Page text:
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Musings on Microsoft's TypeScript for JavaScript Development

Microsoft recently announced the addition of a new programming language, TypeScript, which is what the company is calling a superset of JavaScript. I've poked around with TypeScript a tiny bit since Somasegar's announcement. You can also see what contributing columnist Don Kiely's experience with TypeScript in his article, "Is Microsoft's TypeScript Programming Language Worth the Fuss?" Although I like what I see, I can't help but think about what the language might portend based on previous things that we've seen from Microsoft.

Anders Hejlsberg, C#, the .NET Framework, and TypeScript

The last time Anders Hejlsberg wrote a language at Microsoft, it turned out to be a big deal in the sense that we got the C# programming language. This introduction of C# in turn was intricately tied to the .NET Framework, which is a gigantic mountain of code that has served Microsoft as a solid development platform for over a decade.

When Microsoft initially announced C# in 2000, many developers that I worked with wondered why they should use another C-style language. Developers thought that C++ was powerful enough in its own right, and C# looked like Microsoft's Java knockoff. I can't help but see some similar parallels between the state of C++ in those days and JavaScript today—especially given some of TypeScript's goals that help JavaScript development to scale.

JavaScript Has Matured

JavaScript has matured a lot in the past three to five years from my perspective. In truth, I believe this maturation is due to the fact that my perception of the language has changed—thanks, in large part, to jQuery. Before jQuery's introduction into the development scene, I used to write code with JavaScript, but the language was something that I hated due to its compatibility problems that went hand in hand with using JavaScript across different platforms or browsers. However, because jQuery solved most of these problems through some awesome abstractions (which says nothing about making JavaScript coding fun through the introduction of its addictive CSS-like selectors and heavily promoting the use of closures), my own appreciation for JavaScript has grown.

In addition, JavaScript keeps getting faster and faster and is more heavily leveraged in development circles to the point where it can even be a full-blown hosting platform. It's apparent that JavaScript actually is a real language and not a toy language, which I thought it was for so many years.

Even though I consider JavaScript a full-blown programming language, there are still some things that I hate about working with the language, such as type safety. Although unit testing could help protect me from some of the ugliness that I've run into when working with JavaScript duck typing, I'm being honest when I say that I don't unit test my JavaScript code because I don't use it enough to hit a point where unit testing would make sense. However, if I wrote a full-blown project in JavaScript, then I would unit test my code. But I'm not sure that unit tests would protect me from type-safety problems—as one of the big problems with duck-typed languages is that type-safety problems always seem to bite you in situations that you don't think about or occur only "in the wild"—meaning that it's very hard to account for all situations or conditions in which conversion problems might engender bugs.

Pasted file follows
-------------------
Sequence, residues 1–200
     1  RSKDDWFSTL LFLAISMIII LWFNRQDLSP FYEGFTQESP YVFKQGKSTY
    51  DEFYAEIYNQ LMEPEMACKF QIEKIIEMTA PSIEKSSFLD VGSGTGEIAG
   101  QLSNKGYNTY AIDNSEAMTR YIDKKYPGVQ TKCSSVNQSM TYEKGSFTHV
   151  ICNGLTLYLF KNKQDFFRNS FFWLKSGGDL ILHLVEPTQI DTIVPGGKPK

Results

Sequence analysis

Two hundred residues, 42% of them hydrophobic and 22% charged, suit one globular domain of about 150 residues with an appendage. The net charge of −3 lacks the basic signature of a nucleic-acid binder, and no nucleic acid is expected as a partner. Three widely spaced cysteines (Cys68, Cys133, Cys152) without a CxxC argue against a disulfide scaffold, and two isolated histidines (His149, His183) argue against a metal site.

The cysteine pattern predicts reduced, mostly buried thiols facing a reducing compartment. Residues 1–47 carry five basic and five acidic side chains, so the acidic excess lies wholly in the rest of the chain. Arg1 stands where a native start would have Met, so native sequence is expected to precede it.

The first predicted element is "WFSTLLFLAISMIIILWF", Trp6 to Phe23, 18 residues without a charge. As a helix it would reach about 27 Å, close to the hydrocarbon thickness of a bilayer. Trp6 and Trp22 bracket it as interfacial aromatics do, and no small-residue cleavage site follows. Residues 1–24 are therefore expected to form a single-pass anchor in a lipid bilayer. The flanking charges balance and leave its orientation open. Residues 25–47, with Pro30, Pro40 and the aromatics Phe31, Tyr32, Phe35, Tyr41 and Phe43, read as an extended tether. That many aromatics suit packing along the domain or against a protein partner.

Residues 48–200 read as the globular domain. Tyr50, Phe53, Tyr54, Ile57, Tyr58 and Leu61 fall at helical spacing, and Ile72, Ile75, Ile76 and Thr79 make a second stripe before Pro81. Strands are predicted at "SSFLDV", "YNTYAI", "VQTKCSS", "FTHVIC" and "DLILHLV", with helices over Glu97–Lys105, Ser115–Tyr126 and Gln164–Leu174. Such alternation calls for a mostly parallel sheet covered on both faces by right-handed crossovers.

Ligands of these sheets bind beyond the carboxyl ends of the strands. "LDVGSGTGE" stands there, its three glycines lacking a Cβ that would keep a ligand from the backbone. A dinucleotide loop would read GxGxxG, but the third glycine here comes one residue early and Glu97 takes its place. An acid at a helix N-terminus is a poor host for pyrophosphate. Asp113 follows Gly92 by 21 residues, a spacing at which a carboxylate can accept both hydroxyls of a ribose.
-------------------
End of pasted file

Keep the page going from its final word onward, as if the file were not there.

Accordingly, I think it's fair to say that Anders has my attention, given that one of the big benefits that TypeScript offers is additional annotations that enable type safety.

Is TypeScript the Way of the Future?

As I watch TypeScript introduce itself to the developer community with what looks to be some great tooling and some powerful potential in terms of how beneficial it can be to JavaScript through means of being both an abstraction and a superset of existing functionality, I can't help but think there's a bright future in store for TypeScript. I'm particularly excited by TypeScript's future when I think about how web development trends are moving increasingly toward architectures that heavily leverage JavaScript for dynamic in-page rendering against API-enabled back-end web servers such as Microsoft's ASP.NET Web API framework.
I also seem to remember something big about JavaScript becoming a very core component in creating Windows 8 applications. Stated differently, the last time that Anders got involved in a language, his developments had a pretty far-reaching impact and influence—so I just can't help but wonder what TypeScript's significance will be now that JavaScript is becoming more and more important both in the web and desktop development worlds.

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